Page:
Analysis: Behind health, stability a key to NFL success
Chiefs, 49ers, Saints, Ravens. All powerhouses last season. All in excellent position to be so again if the NFL actually gets to play during the coronavirus pandemic.
Anyone who believes continuity isn't an essential part of pro football success will need to re-examine that philosophy.
As NFL teams finally get together after an offseason of virtual, well, everything, the rosters featuring stability, and coaching staffs remaining intact, will provide a huge advantage.
No one is crowning any of those four teams Super Bowl champion just yet. But there can be no argument that the continuity of roster and staff in Kansas City, San Francisco, New Orleans and Baltimore – all division winners with a combined record of 52-12 – gives them a huge edge heading into the 2020 schedule, whenever it gets rolling.
"We're definitely ready to hit the ground running," Ravens defensive coordinator Don "Wink" Martindale said during the offseason.
"John (Harbaugh) has done a great job with the schedule and us doing everything from home, and meetings haven't changed. We were talking the other day as a defensive staff, and if you just took the transcripts from OTAs last year, and then our Zoom meetings this year, you couldn't tell the difference. Because we've made Zoom meetings an event that our guys didn't want to miss them, and they took something away from them."
The main issue for so many teams is going to be what has been taken away from them. The Patriots minus Tom Brady tops the list, but New England also lost some other key players, particularly on defense (Kyle Van Noy, Jamie Collins) and placekicker Stephen Gostkowski.
Another veteran quarterback with a long string of starts, Philip Rivers, departed the Chargers, as did Melvin Gordon, Brandon Mebane, Thomas Davis and Michael Schofield.
Plenty of other teams have had roster upheavals, and those hoping for instant impact from their rookie class instead might be re-evaluating how much they want to depend on those kids.
Yes, top overall draft pick Joe Burrow will start in Cincinnati, but going to the NFL's worst team with no chance to truly get indoctrinated before the games become real is a huge disadvantage.
And how much continuity can the Raiders have as they change home cities, stadium, workout facility and, in some ways, lifestyle in the move to Las Vegas?
Simply put, talent might not be the deciding factor for NFL franchises this season. Health, naturally, will be the first determinant across the board – and there's never been anything more unpredictable for pro football players than to deal with the coronavirus.
Should a team be fortunate to keep its key performers on the field – expecting everyone to remain healthy probably is wishful thinking along the lines of what the folks in New England were doing before Brady opted to bolt to Tampa – that still isn't necessarily enough if they don't work well together.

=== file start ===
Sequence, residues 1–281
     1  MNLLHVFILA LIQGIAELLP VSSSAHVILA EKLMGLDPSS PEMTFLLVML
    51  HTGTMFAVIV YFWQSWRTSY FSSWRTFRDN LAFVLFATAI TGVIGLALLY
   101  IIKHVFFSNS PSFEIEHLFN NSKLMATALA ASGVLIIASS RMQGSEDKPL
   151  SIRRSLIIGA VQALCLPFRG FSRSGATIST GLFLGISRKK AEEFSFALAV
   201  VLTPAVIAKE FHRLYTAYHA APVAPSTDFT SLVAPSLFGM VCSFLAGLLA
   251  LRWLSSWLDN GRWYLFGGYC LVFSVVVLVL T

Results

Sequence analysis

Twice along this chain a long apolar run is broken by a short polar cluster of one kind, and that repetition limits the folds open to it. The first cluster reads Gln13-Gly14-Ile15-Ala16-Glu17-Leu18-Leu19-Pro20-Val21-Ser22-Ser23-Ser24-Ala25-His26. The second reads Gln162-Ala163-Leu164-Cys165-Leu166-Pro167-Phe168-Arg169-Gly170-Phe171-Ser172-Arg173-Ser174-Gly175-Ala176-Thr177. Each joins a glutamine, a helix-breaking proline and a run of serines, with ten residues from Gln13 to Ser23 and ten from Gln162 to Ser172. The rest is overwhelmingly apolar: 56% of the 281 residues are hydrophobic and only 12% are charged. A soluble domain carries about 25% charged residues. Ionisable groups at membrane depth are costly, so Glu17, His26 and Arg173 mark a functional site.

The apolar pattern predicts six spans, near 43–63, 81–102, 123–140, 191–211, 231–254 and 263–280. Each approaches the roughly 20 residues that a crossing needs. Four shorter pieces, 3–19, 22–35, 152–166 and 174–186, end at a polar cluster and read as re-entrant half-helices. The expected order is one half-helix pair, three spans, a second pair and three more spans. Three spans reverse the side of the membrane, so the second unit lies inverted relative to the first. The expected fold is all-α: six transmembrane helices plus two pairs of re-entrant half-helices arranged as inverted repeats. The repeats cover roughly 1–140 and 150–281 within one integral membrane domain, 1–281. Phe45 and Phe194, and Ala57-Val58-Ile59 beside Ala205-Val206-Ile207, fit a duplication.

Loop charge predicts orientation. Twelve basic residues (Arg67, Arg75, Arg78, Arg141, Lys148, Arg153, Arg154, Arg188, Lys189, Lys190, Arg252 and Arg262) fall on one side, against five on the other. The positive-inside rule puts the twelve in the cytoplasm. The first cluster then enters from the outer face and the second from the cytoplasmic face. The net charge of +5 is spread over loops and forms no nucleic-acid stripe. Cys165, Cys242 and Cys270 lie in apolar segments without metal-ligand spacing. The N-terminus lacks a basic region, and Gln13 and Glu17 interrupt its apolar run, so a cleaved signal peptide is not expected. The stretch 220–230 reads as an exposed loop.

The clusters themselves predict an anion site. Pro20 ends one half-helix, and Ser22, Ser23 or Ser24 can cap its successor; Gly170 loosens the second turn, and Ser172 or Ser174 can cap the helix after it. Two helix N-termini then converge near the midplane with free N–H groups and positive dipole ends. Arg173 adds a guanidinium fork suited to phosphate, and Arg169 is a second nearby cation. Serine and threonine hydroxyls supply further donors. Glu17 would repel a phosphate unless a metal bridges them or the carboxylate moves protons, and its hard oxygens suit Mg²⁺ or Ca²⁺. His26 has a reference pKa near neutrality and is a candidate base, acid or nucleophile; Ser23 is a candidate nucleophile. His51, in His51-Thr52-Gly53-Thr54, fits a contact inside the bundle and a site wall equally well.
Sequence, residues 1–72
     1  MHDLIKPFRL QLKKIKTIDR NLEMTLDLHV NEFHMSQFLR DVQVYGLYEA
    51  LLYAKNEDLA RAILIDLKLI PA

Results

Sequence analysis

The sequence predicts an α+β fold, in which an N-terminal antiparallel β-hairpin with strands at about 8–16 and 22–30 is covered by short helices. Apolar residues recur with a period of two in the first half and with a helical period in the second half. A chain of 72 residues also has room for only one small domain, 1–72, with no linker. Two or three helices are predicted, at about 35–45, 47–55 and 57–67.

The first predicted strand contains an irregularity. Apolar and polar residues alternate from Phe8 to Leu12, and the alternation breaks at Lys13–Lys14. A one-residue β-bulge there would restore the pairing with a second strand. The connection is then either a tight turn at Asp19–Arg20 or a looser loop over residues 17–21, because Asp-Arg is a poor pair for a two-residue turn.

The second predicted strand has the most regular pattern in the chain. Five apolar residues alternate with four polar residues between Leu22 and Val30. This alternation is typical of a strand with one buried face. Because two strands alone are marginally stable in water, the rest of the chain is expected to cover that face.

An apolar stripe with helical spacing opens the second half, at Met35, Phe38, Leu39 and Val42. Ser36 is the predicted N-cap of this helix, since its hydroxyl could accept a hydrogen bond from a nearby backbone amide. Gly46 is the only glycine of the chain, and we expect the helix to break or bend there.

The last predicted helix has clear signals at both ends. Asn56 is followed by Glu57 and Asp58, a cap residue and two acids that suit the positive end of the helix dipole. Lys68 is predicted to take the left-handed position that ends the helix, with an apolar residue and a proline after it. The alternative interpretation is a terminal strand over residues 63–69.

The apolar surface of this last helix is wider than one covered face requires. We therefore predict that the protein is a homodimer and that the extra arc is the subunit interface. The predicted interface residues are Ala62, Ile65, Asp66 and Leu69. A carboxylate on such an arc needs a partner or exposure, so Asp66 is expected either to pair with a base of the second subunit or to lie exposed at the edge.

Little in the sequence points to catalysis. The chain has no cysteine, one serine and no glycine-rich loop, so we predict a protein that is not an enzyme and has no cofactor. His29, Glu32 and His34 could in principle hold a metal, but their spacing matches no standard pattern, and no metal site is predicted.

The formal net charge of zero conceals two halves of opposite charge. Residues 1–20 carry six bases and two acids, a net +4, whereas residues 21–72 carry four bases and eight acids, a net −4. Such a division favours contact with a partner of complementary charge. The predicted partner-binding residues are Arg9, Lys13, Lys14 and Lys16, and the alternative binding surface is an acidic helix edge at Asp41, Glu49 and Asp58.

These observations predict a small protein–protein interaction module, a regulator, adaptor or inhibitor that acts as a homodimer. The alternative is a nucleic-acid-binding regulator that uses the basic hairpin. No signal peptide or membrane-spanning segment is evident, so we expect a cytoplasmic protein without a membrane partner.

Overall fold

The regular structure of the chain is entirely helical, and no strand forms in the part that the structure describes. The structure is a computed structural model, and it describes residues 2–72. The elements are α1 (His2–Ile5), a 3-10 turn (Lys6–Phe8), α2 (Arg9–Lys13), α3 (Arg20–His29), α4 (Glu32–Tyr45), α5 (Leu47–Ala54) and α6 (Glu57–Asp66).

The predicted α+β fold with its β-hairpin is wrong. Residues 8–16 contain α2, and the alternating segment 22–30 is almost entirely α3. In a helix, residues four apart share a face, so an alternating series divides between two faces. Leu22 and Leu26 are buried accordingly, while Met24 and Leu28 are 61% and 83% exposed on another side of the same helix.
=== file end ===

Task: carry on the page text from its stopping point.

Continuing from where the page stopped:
The Browns, Bucs, Cardinals, Bills and Broncos appear to have significantly improved their rosters. Yet those important newcomers could need extra long adjustments this season.
Sure, DeAndre Hopkins, possibly the best offseason acquisition by any team, worked out with his new quarterback, Arizona's Kyler Murray, this summer.
All well and good, football-wise. That's nothing like what the perennial All-Pro receiver and the 2019 Offensive Rookie of the Year Murray will face when they open up against Richard Sherman and the 49ers, whose defense meshed on the way to the NFC title last year.
Could D-Hop and Kyler have used a preseason contest or two to work out the kinks? Certainly – in a normal year and environment. Now, dropping those exhibition games was an exhibit of wise caution no matter how disruptive to preparation and cohesiveness it is.
Most challenging of all are the places where coaching changes were made. Mike McCarthy is a Super Bowl winner, Ron Rivera has been to the big game as a head coach. They are two of the top men at their jobs in the 2000s.
Yet McCarthy in Dallas and Rivera in Washington, as much of an upgrade as they might be in usual years, could be navigating some roiling waters trying to get their systems in place.
Even more daunting are what Kevin Stefanski in Cleveland, Matt Rhule in Carolina and Joe Judge with the Giants face. None has been a head coach in the NFL, and all of them join clubs whose underachievements have been their calling cards recently.
"You used to be able to have 60 days to get the job done, and everybody in our league will probably have more like 30 days, so I'm really focusing on maximizing the time and the meeting time and the most important things we need to get done when we get back together," McCarthy said. "Having the unknown out there causes more work on the preparation side."
And a lot less continuity.